You Need to See the Only Blue Moon of 2023 This Week

The only Blue Moon of 2023 rises soon, with Saturn appearing nearby.

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The month of August ends on a bright note: the first and only Blue Moon of the year.

The Moon’s phases are intrinsic to the human experience. It has a 29.53-day cycle, which creates or coincides with other patterns like the tides, human menstrual cycle, and the calendar months. Naming, counting, and watching Full Moons is an ancient practice that carries into today.

When a Full Moon appears at the beginning of a month, as it did on August 1, it leaves wiggle room for another Full Moon to fit into the end of the same month. This is what’s known as a Blue Moon.

When can I see the Blue Moon?

The only Blue Moon of 2023 will appear on the night of Wednesday, August 30. It rises shortly after the end of evening twilight.

The August 1, 2023 Full Moon over the Manhattan skyline.

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If you don’t have clear skies forecasted for Wednesday, don’t worry. “The Moon will appear full for 3 days around the peak of the full Moon, from Tuesday night to Friday morning,” NASA officials wrote on Thursday.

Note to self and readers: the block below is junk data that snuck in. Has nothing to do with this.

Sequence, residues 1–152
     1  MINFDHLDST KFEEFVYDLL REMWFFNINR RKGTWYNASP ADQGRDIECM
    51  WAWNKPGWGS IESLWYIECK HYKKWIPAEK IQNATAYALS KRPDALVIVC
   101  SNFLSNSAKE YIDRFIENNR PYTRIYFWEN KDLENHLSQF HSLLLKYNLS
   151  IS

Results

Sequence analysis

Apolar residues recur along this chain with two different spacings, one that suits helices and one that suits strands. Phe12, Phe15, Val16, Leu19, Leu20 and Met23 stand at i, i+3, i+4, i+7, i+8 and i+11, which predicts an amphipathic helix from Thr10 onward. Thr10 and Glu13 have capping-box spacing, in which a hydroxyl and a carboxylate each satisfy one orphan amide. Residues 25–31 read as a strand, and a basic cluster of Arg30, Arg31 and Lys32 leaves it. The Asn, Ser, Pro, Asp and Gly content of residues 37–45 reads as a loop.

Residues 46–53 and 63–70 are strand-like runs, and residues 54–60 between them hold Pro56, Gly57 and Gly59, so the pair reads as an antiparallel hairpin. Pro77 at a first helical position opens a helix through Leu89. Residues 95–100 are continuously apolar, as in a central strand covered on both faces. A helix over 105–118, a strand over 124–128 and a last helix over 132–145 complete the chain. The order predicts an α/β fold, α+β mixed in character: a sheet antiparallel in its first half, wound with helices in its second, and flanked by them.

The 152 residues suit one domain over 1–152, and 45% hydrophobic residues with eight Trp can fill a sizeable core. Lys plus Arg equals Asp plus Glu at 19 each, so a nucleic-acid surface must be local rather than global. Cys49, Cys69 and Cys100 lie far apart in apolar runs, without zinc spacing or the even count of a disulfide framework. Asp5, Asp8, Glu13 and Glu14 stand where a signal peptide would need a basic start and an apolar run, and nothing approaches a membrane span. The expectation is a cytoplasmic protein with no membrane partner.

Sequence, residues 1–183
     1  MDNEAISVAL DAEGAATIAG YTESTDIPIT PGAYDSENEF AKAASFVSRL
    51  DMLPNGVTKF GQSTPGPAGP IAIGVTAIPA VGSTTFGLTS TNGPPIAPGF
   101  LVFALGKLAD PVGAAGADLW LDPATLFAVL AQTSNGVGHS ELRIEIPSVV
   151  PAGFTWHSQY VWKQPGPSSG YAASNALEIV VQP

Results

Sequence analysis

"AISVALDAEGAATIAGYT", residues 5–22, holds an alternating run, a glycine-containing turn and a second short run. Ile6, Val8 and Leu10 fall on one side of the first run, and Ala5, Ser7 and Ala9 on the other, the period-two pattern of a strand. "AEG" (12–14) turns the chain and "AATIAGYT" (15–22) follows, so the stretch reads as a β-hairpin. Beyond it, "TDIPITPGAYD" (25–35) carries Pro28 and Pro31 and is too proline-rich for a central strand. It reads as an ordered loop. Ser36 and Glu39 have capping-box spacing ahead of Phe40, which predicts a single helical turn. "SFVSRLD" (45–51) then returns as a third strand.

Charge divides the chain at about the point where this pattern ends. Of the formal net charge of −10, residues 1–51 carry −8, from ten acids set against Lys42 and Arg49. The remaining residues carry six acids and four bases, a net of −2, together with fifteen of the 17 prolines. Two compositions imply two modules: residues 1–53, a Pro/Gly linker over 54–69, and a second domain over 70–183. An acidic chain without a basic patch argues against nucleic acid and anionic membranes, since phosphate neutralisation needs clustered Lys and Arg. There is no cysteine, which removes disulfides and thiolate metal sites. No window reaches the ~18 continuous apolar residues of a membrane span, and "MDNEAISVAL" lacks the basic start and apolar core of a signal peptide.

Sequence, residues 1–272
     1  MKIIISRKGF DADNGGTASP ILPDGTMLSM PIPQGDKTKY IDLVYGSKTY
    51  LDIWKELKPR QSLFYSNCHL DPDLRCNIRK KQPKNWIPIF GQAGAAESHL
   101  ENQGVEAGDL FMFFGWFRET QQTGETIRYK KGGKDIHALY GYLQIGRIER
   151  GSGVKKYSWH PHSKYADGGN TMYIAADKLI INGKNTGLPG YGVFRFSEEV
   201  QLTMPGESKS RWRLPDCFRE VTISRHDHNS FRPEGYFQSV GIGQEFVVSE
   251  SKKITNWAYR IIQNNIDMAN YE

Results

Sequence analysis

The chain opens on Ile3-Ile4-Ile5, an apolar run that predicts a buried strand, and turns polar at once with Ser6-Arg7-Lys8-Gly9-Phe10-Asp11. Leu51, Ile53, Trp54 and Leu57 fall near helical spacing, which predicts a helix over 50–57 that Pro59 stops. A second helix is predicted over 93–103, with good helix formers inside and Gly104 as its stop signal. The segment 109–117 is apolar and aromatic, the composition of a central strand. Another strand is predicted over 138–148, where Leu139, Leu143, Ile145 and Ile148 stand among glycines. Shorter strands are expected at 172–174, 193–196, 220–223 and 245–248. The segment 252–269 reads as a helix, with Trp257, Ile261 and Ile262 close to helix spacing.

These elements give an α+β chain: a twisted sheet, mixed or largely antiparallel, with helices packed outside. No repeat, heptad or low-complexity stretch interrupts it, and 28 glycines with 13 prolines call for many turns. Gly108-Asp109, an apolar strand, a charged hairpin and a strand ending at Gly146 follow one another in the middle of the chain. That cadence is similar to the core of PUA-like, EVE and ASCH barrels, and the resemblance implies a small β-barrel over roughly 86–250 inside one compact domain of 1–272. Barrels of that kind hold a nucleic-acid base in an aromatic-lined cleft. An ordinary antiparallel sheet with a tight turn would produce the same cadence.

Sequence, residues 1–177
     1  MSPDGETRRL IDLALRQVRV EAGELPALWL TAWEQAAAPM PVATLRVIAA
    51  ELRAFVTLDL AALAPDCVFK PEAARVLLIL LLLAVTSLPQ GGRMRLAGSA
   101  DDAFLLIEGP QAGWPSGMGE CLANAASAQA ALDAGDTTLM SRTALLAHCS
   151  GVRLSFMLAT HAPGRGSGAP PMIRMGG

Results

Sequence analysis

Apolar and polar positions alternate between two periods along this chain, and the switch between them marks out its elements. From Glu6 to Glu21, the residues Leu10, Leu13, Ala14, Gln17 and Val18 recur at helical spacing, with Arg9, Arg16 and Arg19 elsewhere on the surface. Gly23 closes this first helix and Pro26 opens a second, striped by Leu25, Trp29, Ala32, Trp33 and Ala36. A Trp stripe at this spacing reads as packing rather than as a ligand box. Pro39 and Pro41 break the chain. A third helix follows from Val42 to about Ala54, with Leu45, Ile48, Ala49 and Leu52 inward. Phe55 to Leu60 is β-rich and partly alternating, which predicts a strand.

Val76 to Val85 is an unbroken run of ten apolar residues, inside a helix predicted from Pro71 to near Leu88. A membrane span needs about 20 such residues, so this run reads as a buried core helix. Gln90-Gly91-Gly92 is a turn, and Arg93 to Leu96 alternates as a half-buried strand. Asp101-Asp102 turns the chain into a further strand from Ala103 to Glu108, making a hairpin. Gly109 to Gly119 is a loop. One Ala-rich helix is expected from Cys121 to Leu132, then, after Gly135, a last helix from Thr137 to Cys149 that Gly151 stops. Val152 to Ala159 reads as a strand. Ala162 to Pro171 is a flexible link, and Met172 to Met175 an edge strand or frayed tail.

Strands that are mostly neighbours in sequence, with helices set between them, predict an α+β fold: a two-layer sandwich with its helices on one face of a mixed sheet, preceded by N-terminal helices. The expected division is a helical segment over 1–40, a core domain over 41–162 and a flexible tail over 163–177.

Does the Moon turn blue?

The Moon will look particularly spectacular, but it won’t take on a new color.

The Blue Moon will be a supermoon, meaning it will look bigger than usual. The Moon travels in an elliptical orbit, or elongated circle, around Earth each month, which changes the Moon’s distance from Earth. When the Full Moon phase coincides with the Moon positioned closer rather than farther away, the Moon appears larger in the sky.

The upcoming Full Moon will almost exactly line up with perigee, the nearest point to the Earth along its orbit. This will happen Wednesday morning at 11:55 a.m. Eastern. The Blue Moon will undoubtedly be a supermoon.

A Chance to See Saturn Too

When the Blue Moon rises, it will be accompanied in the sky by Saturn. According to NASA, the ringed planet is “just a few days from its closest and brightest for the year.”

As the Blue Moon prepares to set below the horizon on Thursday morning, Saturn will appear on the lower right of the Moon. Venus, often dubbed the morning and evening star for its appearance during twilight, will also shine in the sky. And so will Jupiter, though you’ll have to look much farther up from the horizon — 66 degrees above the southern horizon — to catch it.

When is the next Full Moon?

The Blue Moon is the last Full Moon of summer for the northern hemisphere (or winter in the southern hemisphere).

The next Full Moon will appear on Friday, September 29. It will also be a Supermoon There won’t be another Blue Moon until 2026,

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